In quality of service (QoS)-aware resource reallocation (QRA), resources (links) are assigned to each network traffic flow based on service level agreement (SLA). The selected path for each flow should satisfy the flow requirements such as maximum tolerable delay or minimum required bandwidth. There are some important issues in QRA as follows: (1) existence of burst and dynamic traffic; (2) different traffic classes; (3) big data and resource partitioning; and (4) heavy demands and limited resources. In recent networks, the traffic characteristics obey an extremely dynamic model; as an example, it can be referred to OTT services as a source of dynamics. Additionally, there are lots of burst traffic in the network, such as virtual machine (VM) migration traffic flows. The flow dynamics along with burst nature of network traffic makes the static resource allocation methods useless. Moreover, there are several traffic classes in the network that have different requirements, e.g., video conferences are delay sensitive while file transfer protocol (FTP) connection is bandwidth sensitive.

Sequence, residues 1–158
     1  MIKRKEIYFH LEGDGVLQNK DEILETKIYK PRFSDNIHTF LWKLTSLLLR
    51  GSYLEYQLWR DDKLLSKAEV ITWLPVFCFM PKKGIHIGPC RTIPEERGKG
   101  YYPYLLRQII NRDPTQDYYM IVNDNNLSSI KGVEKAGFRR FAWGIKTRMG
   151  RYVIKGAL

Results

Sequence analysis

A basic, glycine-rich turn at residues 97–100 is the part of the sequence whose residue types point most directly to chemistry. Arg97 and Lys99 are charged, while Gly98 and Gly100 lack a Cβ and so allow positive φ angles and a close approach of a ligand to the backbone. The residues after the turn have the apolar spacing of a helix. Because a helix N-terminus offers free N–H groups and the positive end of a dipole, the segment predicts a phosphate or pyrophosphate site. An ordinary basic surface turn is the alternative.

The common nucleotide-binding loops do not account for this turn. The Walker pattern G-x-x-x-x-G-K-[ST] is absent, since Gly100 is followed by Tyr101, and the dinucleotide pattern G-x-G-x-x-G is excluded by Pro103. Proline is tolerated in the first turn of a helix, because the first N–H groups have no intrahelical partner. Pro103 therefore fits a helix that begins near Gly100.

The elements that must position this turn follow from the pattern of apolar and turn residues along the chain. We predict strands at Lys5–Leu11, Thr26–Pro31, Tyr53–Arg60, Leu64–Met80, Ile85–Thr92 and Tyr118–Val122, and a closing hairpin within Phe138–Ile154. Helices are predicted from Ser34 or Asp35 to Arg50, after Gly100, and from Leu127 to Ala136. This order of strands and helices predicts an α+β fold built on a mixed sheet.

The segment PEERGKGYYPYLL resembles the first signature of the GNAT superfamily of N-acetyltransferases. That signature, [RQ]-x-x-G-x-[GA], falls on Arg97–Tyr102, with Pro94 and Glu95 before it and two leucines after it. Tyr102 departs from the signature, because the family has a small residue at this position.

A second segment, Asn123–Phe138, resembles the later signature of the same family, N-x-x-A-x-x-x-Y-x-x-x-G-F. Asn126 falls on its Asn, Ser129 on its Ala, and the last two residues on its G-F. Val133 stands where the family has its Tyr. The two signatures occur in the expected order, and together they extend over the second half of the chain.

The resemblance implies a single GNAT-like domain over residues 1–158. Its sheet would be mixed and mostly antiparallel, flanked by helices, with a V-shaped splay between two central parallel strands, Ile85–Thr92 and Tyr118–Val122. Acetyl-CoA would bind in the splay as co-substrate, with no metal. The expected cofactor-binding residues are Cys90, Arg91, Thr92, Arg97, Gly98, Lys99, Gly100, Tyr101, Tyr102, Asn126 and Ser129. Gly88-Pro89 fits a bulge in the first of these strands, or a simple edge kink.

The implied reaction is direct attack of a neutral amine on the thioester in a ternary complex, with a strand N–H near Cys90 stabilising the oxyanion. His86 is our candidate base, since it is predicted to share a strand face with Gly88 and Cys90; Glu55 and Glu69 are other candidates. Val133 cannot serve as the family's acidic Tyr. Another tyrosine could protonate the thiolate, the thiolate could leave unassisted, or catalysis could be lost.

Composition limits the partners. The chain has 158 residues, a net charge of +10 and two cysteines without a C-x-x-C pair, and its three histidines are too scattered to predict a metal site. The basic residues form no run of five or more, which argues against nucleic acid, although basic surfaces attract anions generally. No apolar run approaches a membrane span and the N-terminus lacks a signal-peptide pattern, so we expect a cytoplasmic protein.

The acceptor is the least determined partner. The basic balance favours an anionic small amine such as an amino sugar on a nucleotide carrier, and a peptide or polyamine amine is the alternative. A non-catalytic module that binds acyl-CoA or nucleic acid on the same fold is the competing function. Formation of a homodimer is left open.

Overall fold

In this context, several questions are arising, such as: Is it possible to practically tune the network resources with the dynamic behavior of network? How to exploit prior information of SDN controller to assign resources to the current flows while guaranteeing QoS? The goal of this paper is to shed light on these issues.

1.1. Overview of Our Contributions

In this paper, we introduce a dynamic and efficient QRA scheme called QRTP (QoS-aware resource Reallocation based on Traffic Prediction in SDN), in which we guarantee delay and bandwidth. It proactively decreases congestion by minimizing total packet loss. The proposed approach not only uses the current flow matrix but also adopts a predicted flow matrix to conquer the dynamic and burst nature of network traffic. Our contributions are as follows:
(i)
To the best of our knowledge, there is no related work that considers traffic prediction in resource reallocation. This is the first work that exploits predicted flow matrix to dynamically reschedule the network. In addition, this is the first work that studies the impact of flow traffic estimation on network resource reallocation. The simulation results show significant reduction in the total packet loss along with improvement in the network throughput.
(ii)
The proposed approach can support different traffic classes with various QoS requirements in flow level granularity. To do this, delay and bandwidth are aimed to be fulfilled while packet loss is minimized for current and predicted traffic load.